17. It is important to recognize, however, that the limited financial resources available to sovereigns, the pace at which crises unfold, the speed with which authorities recognize the need for decisive action, and the time taken to secure agreement with creditors, have a bearing on the feasibility of a pre-default restructuring strategy. In some cases, an interruption of sovereign debt service payments may be unavoidable and the SDRM will need to operate against the background of default. Whether such a cessation of payments could or should be either targeted, or comprehensive, would need to be assessed on a case-by-case basis.

18. What impact would a default have on the restructuring process? There are a number of factors that could have a bearing on the outcome.1 On balance it seems likely that while it could facilitate agreement on a restructuring of individual classes of instruments, it could also have broad ramifications for the economy that could have substantial economic costs.

  • A sovereign may determine that default (or even the credible threat of default) on one class of instruments, such as bonds, may help facilitate agreement with creditors holding those instruments, to the extent that it helps forge a consensus concerning the need for a restructuring. Moreover, interruption of payments on that class of instruments may help achieve adequate inter-creditor equity, by preventing investors holding claims with short residual maturities from being able to exit while those with longer claims are locked in.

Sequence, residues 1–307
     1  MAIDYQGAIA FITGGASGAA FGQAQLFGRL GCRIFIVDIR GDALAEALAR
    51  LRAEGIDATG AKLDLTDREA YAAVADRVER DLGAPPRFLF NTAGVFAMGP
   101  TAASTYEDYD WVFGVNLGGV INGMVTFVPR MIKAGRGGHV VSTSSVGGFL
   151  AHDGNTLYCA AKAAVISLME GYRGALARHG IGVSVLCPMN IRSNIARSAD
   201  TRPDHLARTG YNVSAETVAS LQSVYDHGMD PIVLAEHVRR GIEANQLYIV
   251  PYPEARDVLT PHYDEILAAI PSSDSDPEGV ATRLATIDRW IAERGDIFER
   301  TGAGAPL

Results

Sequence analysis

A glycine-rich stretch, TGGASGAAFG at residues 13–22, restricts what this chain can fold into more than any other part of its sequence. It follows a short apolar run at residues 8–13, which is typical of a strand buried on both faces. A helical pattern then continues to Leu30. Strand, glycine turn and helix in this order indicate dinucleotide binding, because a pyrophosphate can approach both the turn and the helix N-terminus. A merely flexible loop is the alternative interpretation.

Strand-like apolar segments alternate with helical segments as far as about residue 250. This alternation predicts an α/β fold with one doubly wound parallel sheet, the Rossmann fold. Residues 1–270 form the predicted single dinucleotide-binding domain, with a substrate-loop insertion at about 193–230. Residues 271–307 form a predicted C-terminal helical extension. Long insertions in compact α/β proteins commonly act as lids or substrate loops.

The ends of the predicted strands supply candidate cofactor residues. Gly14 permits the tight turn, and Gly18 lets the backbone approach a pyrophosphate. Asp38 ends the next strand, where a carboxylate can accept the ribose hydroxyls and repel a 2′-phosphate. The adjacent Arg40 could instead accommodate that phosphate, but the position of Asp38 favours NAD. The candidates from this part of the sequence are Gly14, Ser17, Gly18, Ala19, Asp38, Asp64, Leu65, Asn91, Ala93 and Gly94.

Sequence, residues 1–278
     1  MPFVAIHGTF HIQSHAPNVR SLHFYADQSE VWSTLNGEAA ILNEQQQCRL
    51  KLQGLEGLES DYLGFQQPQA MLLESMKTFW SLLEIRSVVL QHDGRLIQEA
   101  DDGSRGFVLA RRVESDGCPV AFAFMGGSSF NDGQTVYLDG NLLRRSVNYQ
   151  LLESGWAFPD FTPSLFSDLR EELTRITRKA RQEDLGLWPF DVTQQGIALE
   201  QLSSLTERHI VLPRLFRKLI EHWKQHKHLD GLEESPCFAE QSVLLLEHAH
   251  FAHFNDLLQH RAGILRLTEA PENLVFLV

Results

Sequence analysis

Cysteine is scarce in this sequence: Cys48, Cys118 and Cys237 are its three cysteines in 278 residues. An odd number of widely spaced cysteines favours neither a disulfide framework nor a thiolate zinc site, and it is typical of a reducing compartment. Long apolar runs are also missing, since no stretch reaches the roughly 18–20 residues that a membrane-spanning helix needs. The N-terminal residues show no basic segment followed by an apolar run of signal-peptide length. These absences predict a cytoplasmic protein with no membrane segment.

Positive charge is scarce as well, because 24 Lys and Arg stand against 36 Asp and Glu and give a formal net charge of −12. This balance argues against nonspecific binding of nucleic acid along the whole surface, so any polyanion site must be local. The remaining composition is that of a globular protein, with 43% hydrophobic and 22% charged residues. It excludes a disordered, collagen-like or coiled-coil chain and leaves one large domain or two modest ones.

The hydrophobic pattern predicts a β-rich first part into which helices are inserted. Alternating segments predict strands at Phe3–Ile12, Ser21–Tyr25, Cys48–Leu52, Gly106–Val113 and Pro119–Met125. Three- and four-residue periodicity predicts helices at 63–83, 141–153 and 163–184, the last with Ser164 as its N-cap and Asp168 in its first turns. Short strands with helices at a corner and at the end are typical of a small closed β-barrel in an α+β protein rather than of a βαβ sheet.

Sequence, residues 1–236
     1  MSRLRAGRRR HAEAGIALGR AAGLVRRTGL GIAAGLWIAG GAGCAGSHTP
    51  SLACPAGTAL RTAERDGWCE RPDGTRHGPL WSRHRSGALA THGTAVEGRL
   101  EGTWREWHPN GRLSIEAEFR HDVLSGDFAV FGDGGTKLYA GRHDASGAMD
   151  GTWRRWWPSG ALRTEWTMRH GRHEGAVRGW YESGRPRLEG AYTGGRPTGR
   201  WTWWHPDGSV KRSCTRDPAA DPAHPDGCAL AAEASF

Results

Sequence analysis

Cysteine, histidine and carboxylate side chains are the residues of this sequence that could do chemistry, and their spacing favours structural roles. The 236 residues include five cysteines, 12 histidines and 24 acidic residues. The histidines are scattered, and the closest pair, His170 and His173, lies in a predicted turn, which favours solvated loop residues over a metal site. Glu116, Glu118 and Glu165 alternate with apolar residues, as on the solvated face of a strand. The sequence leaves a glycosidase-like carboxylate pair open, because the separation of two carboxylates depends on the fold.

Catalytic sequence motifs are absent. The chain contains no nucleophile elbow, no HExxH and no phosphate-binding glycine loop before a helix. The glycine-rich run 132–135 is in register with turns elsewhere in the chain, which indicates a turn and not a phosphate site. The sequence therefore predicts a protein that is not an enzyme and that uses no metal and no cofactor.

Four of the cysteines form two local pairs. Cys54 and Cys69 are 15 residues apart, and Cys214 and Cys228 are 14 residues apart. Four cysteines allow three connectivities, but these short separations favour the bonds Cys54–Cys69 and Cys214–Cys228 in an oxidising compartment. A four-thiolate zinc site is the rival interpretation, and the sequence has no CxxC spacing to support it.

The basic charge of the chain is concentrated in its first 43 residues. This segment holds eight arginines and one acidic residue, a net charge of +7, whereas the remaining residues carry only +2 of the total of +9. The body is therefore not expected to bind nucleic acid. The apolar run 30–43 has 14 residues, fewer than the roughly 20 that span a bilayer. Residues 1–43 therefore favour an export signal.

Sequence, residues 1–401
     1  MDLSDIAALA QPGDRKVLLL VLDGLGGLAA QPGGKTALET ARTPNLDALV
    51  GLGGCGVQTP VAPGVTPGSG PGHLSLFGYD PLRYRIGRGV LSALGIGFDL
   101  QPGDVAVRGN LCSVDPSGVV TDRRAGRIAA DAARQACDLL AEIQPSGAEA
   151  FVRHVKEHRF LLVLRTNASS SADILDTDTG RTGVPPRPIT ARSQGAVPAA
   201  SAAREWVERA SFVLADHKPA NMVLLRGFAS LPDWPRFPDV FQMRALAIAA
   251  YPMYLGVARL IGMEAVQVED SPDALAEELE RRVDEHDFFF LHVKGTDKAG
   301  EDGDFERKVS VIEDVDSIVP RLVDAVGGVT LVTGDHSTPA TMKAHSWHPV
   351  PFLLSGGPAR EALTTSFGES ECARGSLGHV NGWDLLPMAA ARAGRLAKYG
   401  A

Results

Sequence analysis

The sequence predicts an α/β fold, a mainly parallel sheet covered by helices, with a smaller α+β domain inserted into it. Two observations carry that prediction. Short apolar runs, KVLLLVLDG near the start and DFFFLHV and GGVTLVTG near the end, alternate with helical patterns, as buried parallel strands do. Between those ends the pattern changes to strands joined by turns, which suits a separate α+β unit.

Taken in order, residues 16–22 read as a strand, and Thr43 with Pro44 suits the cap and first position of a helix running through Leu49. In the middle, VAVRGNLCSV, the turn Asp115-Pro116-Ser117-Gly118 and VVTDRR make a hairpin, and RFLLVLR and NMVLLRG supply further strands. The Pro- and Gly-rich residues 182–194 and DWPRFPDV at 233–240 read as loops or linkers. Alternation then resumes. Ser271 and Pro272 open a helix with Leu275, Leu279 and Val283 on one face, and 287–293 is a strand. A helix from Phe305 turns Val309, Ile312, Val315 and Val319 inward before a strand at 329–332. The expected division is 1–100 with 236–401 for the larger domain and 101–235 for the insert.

• Default on one class of sovereign instruments could have profound ramifications for other sectors of the economy.2 A sovereign default could amplify concerns regarding the soundness and liquidity of the banking system, which may trigger both a cutting of credit lines and a deposit run. (This danger is likely to be particularly acute in cases in which the member maintains an open capital account, and where claims on the sovereign represent a significant portion of domestic banks’ assets.)3 At the same time, fears regarding the imposition of exchange controls may lead corporations to adjust the leads and lags in international transactions, and to capital flight more generally, thereby amplifying the pressure on the balance of payments.

  • As sovereign deposit guarantees are unlikely to be perceived as being fully credible against the background of default, it may be difficult to arrest deposit runs without resort to draconian measures. Accordingly, in such—hopefully rare—extreme cases, resort to some combination of deposit freezes and exchange controls may be unavoidable. The impact on the real economy of such measures may be substantial. A credit crunch would be likely because of some combination of banks’ natural tendency to preserve capital in periods of acute stress by downsizing their balance sheets, and cost shedding by corporations seeking to ensure their survival in the face of contracting demand and heightened uncertainty. The scale of economic dislocation may be amplified in cases in which the member does not maintain an established exchange control infrastructure—to the extent that controls are effective in restraining capital movements, they are likely to interrupt bona fide current transactions and thereby interfere with the essential imports of goods and services.